When starting a new business in the US there will be various documents and forms to fill out and file, and knowing what to file for will save time and money. First, knowing what type of business you have, whether it’s more informal like a sole proprietorship or partnership or formal like an LLC or Corporation, will determine what forms you need to file, including a DBA and what that will mean for your business. This article will focus on what a DBA is in your business, as well as what the process is to file for one.
What is a DBA?
Before you start the filing process for a DBA it’s important to understand the difference between a DBA and your business; a DBA is not your business, but merely a name that your business operates as. The acronym ‘DBA’ stands for ‘Doing Business As’, it can also be referred to as ‘Assumed Name’, ‘Trade Name’, or ‘Fictitious Name’.
It can be used by a company instead of their legal name, and oftentimes it’s used to promote a brand within an existing company. There are other reasons for why a DBA will be necessary, for example, if running a business as a sole proprietor or partnership a DBA will be used instead of the person’s legal name, this will also indicate professionalism for the business.
How Do You File for a DBA?
- What State Will Your Business Operate In?
Once you know, as a business owner, why you need a DBA, the filing process will be easier, and an important consideration before starting the process is to know what state you will register the name in because each state will have different rules, regulations, and fees.
Some states will need a DBA to be registered with the city (or county) government where others will need it to be registered with the state government. There are some states, like Kansas or New Mexico, where a DBA can’t be filed.
- Is Your Business Name Available?
The next step is to do a name search to double-check the availability of your business name, in case another business has the same name, additionally, as there are increasing amounts of businesses going online it’s important to also search the availability of web domain names, even if your business will not have a web presence in the beginning, if you plan to have you can safeguard a name beforehand.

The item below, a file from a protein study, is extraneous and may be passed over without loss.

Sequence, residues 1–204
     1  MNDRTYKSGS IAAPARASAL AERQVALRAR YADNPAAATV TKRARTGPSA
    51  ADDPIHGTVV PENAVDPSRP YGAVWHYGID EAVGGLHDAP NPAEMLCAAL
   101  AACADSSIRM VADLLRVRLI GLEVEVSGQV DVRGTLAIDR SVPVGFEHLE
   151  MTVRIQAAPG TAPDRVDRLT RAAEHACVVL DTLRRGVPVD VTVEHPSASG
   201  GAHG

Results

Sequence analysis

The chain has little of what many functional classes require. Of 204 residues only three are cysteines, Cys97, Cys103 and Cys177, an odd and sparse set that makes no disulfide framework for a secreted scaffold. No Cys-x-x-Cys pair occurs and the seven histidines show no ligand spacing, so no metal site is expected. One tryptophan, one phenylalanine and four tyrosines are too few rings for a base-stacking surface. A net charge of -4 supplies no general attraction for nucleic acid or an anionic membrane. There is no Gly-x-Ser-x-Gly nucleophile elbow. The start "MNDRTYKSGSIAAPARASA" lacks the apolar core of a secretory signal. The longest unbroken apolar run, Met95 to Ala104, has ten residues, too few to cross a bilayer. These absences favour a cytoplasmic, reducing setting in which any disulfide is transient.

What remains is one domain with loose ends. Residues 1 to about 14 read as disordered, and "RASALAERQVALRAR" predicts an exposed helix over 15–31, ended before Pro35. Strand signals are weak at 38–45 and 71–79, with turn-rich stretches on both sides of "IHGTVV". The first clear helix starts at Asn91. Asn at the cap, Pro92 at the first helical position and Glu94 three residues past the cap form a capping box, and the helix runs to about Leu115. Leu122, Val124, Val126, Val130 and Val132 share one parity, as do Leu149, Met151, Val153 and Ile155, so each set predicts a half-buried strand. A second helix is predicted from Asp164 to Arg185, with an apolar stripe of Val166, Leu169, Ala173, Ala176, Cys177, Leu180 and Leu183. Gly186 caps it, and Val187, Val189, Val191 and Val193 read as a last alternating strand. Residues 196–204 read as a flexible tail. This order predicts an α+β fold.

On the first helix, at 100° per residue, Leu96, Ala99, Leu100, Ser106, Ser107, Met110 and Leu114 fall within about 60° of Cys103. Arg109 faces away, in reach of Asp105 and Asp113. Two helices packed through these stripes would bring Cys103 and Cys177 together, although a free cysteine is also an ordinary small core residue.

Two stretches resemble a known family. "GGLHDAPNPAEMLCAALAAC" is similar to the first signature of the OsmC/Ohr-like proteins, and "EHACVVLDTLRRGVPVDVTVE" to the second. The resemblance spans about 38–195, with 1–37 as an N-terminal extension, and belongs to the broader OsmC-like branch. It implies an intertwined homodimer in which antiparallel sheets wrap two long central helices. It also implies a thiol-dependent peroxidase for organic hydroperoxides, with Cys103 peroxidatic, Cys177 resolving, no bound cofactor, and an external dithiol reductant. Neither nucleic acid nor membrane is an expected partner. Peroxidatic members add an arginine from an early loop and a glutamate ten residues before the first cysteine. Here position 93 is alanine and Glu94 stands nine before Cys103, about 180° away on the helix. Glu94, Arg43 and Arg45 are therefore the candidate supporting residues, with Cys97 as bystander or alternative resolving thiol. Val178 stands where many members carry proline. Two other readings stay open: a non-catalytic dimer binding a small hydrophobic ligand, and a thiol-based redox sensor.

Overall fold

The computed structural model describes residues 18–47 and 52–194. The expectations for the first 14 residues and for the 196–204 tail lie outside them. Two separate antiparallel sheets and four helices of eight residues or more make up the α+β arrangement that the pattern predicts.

You can research name availability on TRUiC’s website, here you will also find more resources related to the requirements from each state when filing for a DBA.
- Registering Your DBA
Once you know what state your business will operate in and what your business name will be you can then register your DBA, as mentioned, this can be with the state or city/county clerk. In some cases it will be required to register with more than one level of government, for example at the state and county level.
Filing forms can usually be done in person, by mail, or by third-party, however an affidavit will be required when not delivered in person to ensure identity credibility. Some states, like Colorado, will only allow online trade name registration form submissions.
You can find out more about the state-specific requirements to register your DBA with TRUiC’s useful online resources.
When filing for a DBA it can be useful to hire professional services that will assist with the whole process, however these will usually come at additional fees on top of the filing fees, but it can save a lot of time; MyCompanyWorks is recommended (charging $99).
Filing for a DBA is a simple process, however one important factor to remember in the planning process is that each state will have different guidelines, regulations and fees, and being aware of this beforehand can save you time and money.